Through fasting of food and drink, we do experience some hunger during the day, but this only increases our awareness of those who are truly suffering and who experience real hunger each and every day. I have learned over the years never to say, “I’m starving” (which we have all said from time to time if we haven’t eaten for a just few hours). Whenever I have slipped up and said this, I immediately feel so ridiculous, I have no idea of the true feeling of hunger! I know that my hunger, my MINOR discomfort from fasting, is trivial compared to true hunger that is experienced by people, all over the world, each and every hour of every day.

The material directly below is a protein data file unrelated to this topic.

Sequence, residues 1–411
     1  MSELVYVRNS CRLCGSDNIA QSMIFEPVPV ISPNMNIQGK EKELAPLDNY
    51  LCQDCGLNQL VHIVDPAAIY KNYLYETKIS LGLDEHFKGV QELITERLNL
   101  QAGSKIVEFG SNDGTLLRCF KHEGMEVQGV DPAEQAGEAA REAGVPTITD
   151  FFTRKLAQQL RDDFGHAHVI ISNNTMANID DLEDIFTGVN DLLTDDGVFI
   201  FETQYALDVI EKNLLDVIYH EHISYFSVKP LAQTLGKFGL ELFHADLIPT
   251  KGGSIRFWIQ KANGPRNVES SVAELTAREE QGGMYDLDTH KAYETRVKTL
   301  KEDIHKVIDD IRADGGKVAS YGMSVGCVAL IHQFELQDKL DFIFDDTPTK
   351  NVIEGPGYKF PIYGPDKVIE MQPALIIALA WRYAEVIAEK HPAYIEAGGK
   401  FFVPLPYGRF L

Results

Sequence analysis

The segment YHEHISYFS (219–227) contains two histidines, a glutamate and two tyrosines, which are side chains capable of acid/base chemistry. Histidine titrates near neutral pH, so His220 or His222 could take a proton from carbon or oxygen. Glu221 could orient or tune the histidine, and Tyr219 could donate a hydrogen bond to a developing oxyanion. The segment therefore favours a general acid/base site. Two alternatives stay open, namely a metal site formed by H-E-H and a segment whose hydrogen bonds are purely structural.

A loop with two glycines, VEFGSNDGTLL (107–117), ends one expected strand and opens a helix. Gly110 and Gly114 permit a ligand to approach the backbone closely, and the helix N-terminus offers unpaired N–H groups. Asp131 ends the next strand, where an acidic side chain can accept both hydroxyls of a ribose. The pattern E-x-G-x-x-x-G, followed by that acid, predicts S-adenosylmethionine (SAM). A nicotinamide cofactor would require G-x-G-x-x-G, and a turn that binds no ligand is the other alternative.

Besides the minor hunger and discomfort that we experience, fasting also provides us with a much more transformational effect. The following explanation, found in the book Islam- Religion of Life, is quite powerful. It states that fasting “ engenders a sense of detachment from the world. Physical separation, as a powerful symbol, brings about in the mind and the heart that appreciation of distance which is one of the states most cherished by spiritual seekers everywhere. When Fasting, the Muslim acts with a new sense of confidence, able more fully to concentrate his attention on his material as well as his spiritual life. Temporarily despairing of food and drink, he is able to devote himself more fully to the One who is the source of all his sustenance. Thus during Ramadan, the Muslim finds that he religious life takes on new meaning. The Qur’an yields new secrets and treasures; in fact, every devotional practice functions more efficiently during the Fasting months. Thus the optional acts of worship are practiced more consistently, until the whole day becomes infused with religious meaning (Shalabi, 1989).”